Fascinating documentary looking the popular music of Nigeria from the 50s to the 70s. It takes in highlife and juju music, interviewing many of biggest names of their time. And through their musical legacy, seeing the history and character of Nigeria as it emerged from colonialism.
So many things you don’t even know you don’t know. Elder’s Corner is such an eye-opener. I was unaware of what a rich and varied musical landscape Nigeria had in the mid-20th century.
It starts in colonial Nigeria, where jazz and calypso fuse with tradional Nigerian music to make the 5-beat highlife genre, a music for dancing, singing, and spreading the rising sense of optimism that attended the decolonisation movement. Many artists had a socially conscious message to their music as well as a great rhythm.
Similarly you get juju music emerging in the early days of independence, which takes much of the features of highlife and attempts to decolonialise it, reindigenising it with traditional Yoruba sounds. This sense of the deep pride in Africanness and heritage resonated with the younger generation experiencing self-rule for the first time.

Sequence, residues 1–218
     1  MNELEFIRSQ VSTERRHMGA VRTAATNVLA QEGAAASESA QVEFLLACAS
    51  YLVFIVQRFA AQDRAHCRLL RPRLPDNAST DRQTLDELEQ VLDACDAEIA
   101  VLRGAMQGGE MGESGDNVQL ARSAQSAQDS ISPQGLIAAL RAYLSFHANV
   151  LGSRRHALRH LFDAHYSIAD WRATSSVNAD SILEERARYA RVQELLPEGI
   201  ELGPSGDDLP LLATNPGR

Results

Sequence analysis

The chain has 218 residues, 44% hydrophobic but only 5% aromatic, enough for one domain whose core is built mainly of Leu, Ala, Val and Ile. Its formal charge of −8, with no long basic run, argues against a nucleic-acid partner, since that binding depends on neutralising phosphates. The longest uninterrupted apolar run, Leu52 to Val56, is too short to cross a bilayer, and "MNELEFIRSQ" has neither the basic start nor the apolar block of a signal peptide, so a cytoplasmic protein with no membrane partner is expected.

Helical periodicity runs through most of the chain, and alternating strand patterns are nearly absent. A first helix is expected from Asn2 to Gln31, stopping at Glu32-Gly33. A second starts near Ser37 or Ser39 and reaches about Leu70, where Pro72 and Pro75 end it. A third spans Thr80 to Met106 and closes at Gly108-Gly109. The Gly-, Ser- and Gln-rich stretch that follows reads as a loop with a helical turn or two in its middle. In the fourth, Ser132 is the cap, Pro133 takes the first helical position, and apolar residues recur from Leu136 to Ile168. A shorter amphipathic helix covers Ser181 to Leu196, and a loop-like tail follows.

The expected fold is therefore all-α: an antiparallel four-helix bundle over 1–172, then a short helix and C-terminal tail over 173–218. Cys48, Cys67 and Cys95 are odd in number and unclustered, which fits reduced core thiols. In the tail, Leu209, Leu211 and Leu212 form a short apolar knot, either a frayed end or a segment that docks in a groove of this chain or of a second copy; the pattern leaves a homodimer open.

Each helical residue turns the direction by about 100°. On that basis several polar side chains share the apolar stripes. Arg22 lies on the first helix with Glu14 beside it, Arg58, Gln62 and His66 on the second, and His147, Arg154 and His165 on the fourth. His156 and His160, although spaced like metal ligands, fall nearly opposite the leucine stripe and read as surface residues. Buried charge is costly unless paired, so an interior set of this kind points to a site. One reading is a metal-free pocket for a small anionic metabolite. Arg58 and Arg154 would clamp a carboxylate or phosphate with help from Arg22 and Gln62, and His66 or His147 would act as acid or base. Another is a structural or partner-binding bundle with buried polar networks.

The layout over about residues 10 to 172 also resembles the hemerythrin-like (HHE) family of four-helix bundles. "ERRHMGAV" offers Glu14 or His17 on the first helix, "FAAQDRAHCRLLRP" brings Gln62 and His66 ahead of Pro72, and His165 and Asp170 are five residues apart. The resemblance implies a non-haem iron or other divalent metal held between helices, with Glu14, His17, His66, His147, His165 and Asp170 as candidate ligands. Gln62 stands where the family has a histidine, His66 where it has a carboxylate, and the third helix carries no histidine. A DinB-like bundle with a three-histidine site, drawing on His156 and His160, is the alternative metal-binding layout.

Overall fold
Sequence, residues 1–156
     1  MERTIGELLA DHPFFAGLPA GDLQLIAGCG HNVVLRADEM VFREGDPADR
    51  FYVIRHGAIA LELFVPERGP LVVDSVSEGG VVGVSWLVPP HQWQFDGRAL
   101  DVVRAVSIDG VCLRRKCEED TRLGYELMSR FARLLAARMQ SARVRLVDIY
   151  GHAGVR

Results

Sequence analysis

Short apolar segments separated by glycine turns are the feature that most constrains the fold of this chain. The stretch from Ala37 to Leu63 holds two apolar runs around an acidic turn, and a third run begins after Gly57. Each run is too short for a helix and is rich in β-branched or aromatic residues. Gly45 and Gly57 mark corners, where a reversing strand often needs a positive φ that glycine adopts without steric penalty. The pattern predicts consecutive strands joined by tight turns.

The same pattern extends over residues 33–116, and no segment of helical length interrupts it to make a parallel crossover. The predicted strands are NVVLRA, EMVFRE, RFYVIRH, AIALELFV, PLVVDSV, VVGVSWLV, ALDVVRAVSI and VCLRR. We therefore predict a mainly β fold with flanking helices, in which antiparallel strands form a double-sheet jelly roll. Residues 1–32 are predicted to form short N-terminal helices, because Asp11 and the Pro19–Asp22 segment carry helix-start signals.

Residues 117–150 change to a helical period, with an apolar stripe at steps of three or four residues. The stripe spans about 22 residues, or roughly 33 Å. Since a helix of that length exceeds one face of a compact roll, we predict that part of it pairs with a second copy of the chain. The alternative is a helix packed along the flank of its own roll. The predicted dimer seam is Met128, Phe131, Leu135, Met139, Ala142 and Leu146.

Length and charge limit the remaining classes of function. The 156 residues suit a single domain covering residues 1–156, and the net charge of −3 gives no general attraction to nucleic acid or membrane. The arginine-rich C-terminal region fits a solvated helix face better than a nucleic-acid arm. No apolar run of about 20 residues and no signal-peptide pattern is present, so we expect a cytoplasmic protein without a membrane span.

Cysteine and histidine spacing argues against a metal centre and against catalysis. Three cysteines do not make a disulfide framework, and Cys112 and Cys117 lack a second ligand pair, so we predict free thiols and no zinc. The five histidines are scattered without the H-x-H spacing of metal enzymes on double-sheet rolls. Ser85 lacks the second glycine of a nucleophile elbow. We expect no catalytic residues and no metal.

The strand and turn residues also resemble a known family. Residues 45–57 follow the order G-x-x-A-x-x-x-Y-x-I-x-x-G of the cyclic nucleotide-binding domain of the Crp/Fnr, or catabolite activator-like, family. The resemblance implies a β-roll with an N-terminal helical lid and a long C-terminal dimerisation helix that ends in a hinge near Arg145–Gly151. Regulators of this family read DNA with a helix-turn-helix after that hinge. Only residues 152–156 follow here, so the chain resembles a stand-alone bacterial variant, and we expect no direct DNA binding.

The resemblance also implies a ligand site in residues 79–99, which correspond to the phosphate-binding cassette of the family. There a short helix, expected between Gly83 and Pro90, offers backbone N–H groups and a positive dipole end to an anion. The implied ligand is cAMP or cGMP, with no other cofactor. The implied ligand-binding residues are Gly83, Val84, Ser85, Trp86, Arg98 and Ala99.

The film also looked at the impact of the military coups and civil war, which saw a decline in highlife as a reflection of the decline in optimism in the country. On a practical level, it prevented any live music being played while strife was ongoing, but the horrors of war also put an end for some musicians to their ability to create such light-hearted tunes.
The film wraps up its musical memoir in the 1970s, when the wave of Black Pride across Africa and the whole globe was bringing focus to the rich contribution Black culture and creativity brought to the world. Nigeria hosts Festac, Festival of African Culture and Arts, hosting all the stars from Nigeria, from other African nations, and the African diaspora, including Sun Ra and Stevie Wonder. It is a great celebration of the Nigerian musical landscape, as well as showing its connectedness with global music genres.
However, in its shadow, when outspoken critic of the military government, musician Fela Kuti slated Festac as a propaganda exercise, as well as a money laundering scheme, his home was set ablaze by soldiers, destroying its studio and all the records and instruments stored within.
This moment of ambiguity, where on one level you have Nigerian music being celebrated and uniting people from around the world, while there is repression of expression at home, kinda captures the sense of how people feel about modern Nigeria. The music of that time spoke so of its age. The optimism and the light-heartedness, the return to roots and infusion of pride in African heritage. It kinda of peaks and rolls back as a new age of more nuanced, arguably more cynical perspective takes hold.
Elder’s Corner is a wonderful treasure trove of interviews and musical insights. Great film.